In a more general case, the reported codebook index could be an optimization considering two or more transmission rates derived according to different assumptions (e.g. different rank, different transmission mode, different interference assumptions)

Part of the channel state report from the UE in LTE is a CQI value which is effectively the transmission rate that the channel can support. In this case two CQI values, corresponding to RSU(iopt,ropt) and RSU(i,1) respectively, could be reported. However, it would be desirable to minimise the overhead for CQI reporting (e.g. to report only one CQI value). Note that differential coding between two values is known (e.g. reporting one CQI value and the difference between that and a second value).

In the above embodiment, the UE may report a CQI value corresponding to the maximised joint rate from in the codebook search (e.g. as derived from the criterion in equation 2)

However, this may not be the best CQI value to report in practice. We note that in general:—
RSU(iopt,ropt)≧RSU(i,1)

Further, based on the Shannon-Hartley equation for channel capacity R=B log2(1+S/N) we note that RSU(iopt,ropt)≦roptRSU(iopt,1) which places upper and lower bounds on the maximum rate which would be reported i.e. roptRSU(iopt,1)≧RSU(iopt,ropt)≧RSU(iopt,1). This suggests that reporting roptRSU(iopt,1) would allow the eNB to know the rate for rank 1, and to estimate the rate for the optimum rank (e.g. as (ropt+1)RSU(iopt,1)/2). Accordingly, it is advantageous that the secondary station reports to the primary station a rate estimation value based on the product of the selected transmission rank and the data rate obtained for the set of recommended precoding coefficients with a predetermined rank.

A further possibility would be to report a rate which minimises the combined error in the estimate of rates for rank 1 and optimum rank at the eNB. This could be achieved by reporting a combined weighted rate such as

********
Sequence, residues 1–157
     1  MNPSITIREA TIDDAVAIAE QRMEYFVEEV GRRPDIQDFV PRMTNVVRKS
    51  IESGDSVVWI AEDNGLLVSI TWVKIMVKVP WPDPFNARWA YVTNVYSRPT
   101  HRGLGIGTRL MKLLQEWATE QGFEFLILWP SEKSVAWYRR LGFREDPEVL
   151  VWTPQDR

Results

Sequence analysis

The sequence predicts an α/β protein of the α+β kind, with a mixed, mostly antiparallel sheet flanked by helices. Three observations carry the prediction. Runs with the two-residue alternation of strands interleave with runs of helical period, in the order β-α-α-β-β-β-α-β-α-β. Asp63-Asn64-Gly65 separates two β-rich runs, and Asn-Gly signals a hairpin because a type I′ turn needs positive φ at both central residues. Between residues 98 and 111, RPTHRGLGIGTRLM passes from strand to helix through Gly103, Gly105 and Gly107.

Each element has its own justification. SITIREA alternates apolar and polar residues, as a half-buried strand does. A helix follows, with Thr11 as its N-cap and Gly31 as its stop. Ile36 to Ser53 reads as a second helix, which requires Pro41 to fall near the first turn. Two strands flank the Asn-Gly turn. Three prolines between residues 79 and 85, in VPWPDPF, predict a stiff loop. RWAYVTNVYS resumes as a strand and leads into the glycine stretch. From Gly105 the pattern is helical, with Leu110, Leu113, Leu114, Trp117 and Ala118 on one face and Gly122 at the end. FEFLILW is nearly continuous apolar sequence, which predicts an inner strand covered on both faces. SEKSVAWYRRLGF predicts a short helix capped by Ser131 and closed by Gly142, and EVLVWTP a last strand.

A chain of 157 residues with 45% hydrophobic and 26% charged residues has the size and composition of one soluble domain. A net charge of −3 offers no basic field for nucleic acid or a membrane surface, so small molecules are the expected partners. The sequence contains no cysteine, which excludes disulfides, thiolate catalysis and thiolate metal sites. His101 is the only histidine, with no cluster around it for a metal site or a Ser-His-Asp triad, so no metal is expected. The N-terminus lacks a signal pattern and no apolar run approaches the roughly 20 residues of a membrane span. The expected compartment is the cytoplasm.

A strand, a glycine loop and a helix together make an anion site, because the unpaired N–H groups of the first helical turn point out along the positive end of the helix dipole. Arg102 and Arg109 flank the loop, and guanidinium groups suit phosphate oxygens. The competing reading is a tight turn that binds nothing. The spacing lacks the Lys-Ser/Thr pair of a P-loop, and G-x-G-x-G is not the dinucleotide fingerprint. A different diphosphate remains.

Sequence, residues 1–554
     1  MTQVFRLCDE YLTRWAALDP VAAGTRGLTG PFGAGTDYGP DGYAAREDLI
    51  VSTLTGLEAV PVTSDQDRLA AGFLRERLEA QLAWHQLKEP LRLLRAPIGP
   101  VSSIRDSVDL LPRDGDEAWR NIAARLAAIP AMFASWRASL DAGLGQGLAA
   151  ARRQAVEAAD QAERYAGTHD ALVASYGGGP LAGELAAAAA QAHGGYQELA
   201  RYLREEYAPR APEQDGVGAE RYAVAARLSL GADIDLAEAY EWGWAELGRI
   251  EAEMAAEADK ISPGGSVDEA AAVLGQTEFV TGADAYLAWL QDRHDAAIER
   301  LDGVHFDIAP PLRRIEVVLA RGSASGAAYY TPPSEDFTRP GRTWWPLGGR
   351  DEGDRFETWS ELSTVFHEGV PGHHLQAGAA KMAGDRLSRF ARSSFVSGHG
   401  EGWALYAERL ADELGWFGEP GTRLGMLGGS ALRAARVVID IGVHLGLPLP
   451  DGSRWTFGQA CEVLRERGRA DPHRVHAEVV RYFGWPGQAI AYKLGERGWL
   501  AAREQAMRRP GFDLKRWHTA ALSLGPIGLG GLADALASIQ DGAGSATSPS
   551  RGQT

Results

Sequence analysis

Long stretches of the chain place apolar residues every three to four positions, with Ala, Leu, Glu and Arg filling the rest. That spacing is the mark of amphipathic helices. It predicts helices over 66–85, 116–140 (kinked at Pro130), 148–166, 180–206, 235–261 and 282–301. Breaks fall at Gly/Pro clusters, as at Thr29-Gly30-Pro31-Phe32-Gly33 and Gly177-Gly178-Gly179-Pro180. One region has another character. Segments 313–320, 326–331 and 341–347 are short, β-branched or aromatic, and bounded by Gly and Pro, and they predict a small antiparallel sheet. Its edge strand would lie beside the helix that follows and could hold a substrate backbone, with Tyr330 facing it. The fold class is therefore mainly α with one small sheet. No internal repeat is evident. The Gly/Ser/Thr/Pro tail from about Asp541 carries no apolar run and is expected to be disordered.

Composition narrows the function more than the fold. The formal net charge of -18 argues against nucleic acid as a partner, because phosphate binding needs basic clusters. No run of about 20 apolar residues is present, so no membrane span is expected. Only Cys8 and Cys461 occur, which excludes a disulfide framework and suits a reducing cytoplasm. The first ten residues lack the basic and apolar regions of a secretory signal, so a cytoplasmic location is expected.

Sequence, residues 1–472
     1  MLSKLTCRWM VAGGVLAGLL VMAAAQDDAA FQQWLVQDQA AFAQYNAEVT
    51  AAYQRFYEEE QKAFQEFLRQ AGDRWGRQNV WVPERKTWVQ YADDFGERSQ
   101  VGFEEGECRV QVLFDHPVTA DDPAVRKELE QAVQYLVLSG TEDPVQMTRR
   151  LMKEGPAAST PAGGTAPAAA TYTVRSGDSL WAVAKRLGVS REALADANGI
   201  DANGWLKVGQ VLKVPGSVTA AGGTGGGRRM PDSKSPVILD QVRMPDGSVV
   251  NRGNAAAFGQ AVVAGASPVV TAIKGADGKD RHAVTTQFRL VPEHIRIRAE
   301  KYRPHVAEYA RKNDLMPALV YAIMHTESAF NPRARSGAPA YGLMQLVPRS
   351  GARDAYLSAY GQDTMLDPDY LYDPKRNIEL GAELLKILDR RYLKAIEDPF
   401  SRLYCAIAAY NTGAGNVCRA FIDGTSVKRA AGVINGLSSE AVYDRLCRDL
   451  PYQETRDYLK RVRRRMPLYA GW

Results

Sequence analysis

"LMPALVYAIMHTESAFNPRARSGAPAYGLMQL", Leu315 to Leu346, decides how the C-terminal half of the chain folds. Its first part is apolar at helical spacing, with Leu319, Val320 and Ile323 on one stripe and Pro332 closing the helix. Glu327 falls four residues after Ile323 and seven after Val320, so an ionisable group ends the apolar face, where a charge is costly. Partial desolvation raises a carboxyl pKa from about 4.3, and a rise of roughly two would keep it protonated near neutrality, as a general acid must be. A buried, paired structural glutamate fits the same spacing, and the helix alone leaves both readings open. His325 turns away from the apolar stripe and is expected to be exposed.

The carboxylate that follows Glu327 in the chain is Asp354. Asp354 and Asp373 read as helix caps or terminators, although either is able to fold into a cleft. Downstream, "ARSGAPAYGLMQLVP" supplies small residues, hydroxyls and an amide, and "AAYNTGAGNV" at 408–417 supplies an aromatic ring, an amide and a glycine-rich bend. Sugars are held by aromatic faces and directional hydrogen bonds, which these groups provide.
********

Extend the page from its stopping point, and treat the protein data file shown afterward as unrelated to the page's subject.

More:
Rav=δroptRSU(iopt,1)+(1−δ)RSU(iopt,ropt)
Or, more generally
Rav=δroptRSU(iopt,1)+εRSU(iopt,ropt)

    • where δ and ε are weights, ropt is the optimal rank, iopt is the set of optimal precoding coefficients, and RSU(i, r) is the data rate for the transmission mode with rank r, and the set of precoding coefficients i.

Based on knowledge of the reported rank and the statistics of rates for different ranks, the eNB could then estimate the rates observed by the UE for the optimum rank and rank 1, which would be facilitated by eNB and UE using the same values for δ and ε. These values could be fixed in the specification, configured by higher layer signalling, or computed from some other parameters. They could also depend on channel conditions (e.g. SNR, optimum transmission rank).

In a more general case, the reported CQI could be a combination of two or more CQI/rate values derived according to different assumptions (e.g. different rank, different transmission mode, different interference assumptions).

In the exemplary embodiments, the recommended precoding coefficients are determined in the user equipment, in view of downlink transmission. However, in variants of the invention, the base station or node B may determine the recommended precoding coefficients in accordance with the invention, and signal these in a similar manner as in the above detailed embodiments. Moreover, in LTE for example, the same codebook may be used on one hand to signal to a user terminal the precoding vector or matrix which is actually applied in the downlink by a base station and on the other hand and as explained in the above embodiments to feedback the preferred precoding matrix by the user terminal to enable a phase/amplitude reference to be derived.

The invention has particular, but not exclusive, application to wireless communication systems that employ multiple modes of transmission between a primary and secondary station, most notably MIMO and MU-MIMO modes. Examples include cellular systems such as UMTS, UMTS LTE, and UMTS LTE-Advanced, as well as wireless LANs (IEEE 802.11n) and broadband wireless (IEEE 802.16).

In the present specification and claims the word “a” or “an” preceding an element does not exclude the presence of a plurality of such elements. Further, the word “comprising” does not exclude the presence of other elements or steps than those listed.

The inclusion of reference signs in parentheses in the claims is intended to aid understanding and is not intended to be limiting.

From reading the present disclosure, other modifications will be apparent to persons skilled in the art. Such modifications may involve other features which are already known in the art of radio communication.